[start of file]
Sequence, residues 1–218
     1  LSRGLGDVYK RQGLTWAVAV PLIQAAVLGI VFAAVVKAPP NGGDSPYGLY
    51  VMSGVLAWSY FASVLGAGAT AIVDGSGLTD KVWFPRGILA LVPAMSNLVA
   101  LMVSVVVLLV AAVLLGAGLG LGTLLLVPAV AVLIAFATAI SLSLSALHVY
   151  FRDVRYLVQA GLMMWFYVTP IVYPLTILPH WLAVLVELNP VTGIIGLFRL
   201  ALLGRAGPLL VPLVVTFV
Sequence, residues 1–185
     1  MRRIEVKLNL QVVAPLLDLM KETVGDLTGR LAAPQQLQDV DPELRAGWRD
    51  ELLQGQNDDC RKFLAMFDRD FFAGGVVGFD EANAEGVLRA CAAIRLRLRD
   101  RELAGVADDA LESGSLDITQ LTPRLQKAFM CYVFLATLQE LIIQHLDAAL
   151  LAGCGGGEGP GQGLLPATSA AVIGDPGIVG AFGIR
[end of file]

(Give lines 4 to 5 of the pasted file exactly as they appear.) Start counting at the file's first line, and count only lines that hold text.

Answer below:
   101  LMVSVVVLLV AAVLLGAGLG LGTLLLVPAV AVLIAFATAI SLSLSALHVY
   151  FRDVRYLVQA GLMMWFYVTP IVYPLTILPH WLAVLVELNP VTGIIGLFRL